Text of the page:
Ethinyl oestrodiol / cyproterone acetate can be used for polycystic ovarian syndrome and resistant acne but compared with other so-called second generation pills may have an increased risk of thromboembolic disease. Newer antiandrogenic progesterones such as drospirinone or denogest do not appear to have this increased risk.
Oral isotretinoin should be considered for patients with long-standing acne, acne that resists treatment or recurs rapidly on discontinuing effective treatment. In New Zealand, oral isotretinoin requires Special Authority application for funding by PHARMAC, and restrictions apply.
Infantile acne generally affects the cheeks, and sometimes the forehead and chin of newborn babies. It is more common in boys and is usually mild. In most children it settles down within a few months but they may develop troublesome acne at puberty. The cause is thought to be fetal hormones.
Neonatal cephalic pustulosis (previously known as ‘neonatal acne’) is due to malassezia proliferation. Tiny papules and pustules erupt on the face and upper trunk of healthy young babies. The lesions persist for days to weeks and generally resolve without treatment. There are no comedones.
Treatment is usually with topical agents such as benzoyl peroxide or erythromycin gel. Sometimes, oral erythromycin or isotretinoin may be required. NOTE: tetracycline antibiotics should not used because they may cause yellow staining of the developing permanent teeth.
Nodulocystic acne is a severe form of acne affecting the face, chest and back. It is characterised by multiple inflamed and uninflamed nodules and scarring. It is called acne conglobata when there are draining sinuses. It is more common in males. It is known as acne conglobata when there are interconnected abscesses and sinuses; these can cause very severe hypertrophic and atrophic scars.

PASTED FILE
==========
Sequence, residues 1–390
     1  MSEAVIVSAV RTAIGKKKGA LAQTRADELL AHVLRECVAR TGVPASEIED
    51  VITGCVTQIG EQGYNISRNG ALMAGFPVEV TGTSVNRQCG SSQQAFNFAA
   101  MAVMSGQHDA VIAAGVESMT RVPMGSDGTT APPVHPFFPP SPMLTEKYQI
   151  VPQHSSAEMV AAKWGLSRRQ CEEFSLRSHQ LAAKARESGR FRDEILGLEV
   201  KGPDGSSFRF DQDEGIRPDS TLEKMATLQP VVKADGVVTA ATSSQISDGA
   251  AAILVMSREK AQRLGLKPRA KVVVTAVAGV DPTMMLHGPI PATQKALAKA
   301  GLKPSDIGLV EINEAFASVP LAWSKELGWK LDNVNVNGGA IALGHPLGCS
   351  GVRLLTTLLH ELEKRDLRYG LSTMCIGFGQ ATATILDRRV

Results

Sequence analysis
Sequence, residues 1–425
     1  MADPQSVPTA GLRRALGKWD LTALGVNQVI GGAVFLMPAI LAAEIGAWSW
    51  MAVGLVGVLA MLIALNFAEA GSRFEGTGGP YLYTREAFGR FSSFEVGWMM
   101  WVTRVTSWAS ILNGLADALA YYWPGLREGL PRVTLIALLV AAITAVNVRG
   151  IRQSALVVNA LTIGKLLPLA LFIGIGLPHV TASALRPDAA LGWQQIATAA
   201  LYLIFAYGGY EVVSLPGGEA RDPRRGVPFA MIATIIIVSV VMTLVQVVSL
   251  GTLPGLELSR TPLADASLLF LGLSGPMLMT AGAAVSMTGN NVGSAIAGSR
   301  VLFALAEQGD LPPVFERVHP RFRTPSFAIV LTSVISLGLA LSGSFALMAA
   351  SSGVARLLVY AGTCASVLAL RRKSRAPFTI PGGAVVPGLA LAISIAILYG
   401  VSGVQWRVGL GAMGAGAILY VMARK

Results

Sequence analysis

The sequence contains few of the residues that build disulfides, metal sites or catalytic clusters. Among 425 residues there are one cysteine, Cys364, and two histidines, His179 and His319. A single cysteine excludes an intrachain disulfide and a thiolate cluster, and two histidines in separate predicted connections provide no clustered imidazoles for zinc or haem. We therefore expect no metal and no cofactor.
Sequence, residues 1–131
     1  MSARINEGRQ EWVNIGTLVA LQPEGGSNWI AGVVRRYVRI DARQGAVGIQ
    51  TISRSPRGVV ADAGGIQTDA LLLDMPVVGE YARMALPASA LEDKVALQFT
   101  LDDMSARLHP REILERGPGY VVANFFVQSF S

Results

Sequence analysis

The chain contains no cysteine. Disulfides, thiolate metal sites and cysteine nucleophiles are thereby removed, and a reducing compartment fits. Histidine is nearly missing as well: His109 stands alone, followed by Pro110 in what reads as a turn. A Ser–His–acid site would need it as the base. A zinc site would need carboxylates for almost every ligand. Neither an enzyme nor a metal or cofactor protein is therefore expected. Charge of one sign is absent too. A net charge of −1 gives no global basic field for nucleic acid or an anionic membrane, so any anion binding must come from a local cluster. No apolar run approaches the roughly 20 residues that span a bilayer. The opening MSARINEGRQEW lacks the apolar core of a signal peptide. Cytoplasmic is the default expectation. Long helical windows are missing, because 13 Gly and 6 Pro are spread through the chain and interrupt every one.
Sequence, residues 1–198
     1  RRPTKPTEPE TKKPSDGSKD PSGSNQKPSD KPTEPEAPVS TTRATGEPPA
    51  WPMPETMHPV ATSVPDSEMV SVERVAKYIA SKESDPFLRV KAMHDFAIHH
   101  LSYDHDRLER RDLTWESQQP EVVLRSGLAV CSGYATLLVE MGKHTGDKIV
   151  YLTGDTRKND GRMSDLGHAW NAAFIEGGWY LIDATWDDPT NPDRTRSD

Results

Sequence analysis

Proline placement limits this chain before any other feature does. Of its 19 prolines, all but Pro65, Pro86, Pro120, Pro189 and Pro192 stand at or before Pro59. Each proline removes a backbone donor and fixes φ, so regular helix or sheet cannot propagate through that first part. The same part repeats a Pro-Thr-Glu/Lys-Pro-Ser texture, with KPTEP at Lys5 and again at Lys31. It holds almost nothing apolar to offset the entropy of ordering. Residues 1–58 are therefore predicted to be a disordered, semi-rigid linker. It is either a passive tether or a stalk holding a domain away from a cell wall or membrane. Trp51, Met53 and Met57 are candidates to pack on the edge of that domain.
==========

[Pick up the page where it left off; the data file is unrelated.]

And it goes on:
Patients with nodulocystic acne should consult a dermatologist as management may be tricky. While waiting to be seen, they should receive an oral antibiotic. The recommended treatment is oral isotretinoin, which should be commenced early to prevent scarring. The treatment is required for at least five months, and further courses are sometimes necessary.
When isotretinoin is unavailable or unsuitable, systemic antibiotics, and in women, hormonal therapy, may also be helpful. Topical treatment is usually ineffective for the nodules but topical retinoid and topical benzoyl peroxide should be prescribed for the superficial lesions. Individual cysts may shrink with intralesional injections with 2mg triamcinolone acetonide.
Acne fulminans is a rare and very severe form of acne conglobata associated with systemic symptoms. It nearly always affects males. It is characterised by:
It is thought to be due to hypersensitivity to P. acnes. Although it mostly just happens, it may be precipitated by:
Patients with acne fulminans should consult a dermatologist urgently. Management can prove difficult, and several medications are usually required. These may include:
Topical acne medications are unhelpful.
Hidradenitis is another form of follicular occlusion syndrome that affects axillae and groins primarily, with submammary and buttock areas involved in some cases. The role of inflamed apocrine glands is uncertain. The result is tender nodules, fluctuant cysts, discharging abscesses, sinuses and scarring. It is associated with nodulocystic acne and pilonidal sinus.
Hidradenitis is fairly resistant to treatment. Currently, 3-month courses of clindamycin and rifampicin are favoured (require specialist approval for Drug Tariff subsidy in New Zealand). The following may also be beneficial:
Discuss the use of contraceptive agents for acne patients taking isotretinoin.
Developed in collaboration with the University of Auckland Goodfellow Unit in 2007.
Author: Hon A/Prof Amanda Oakley, Dermatologist, Hamilton, New Zealand, 2009.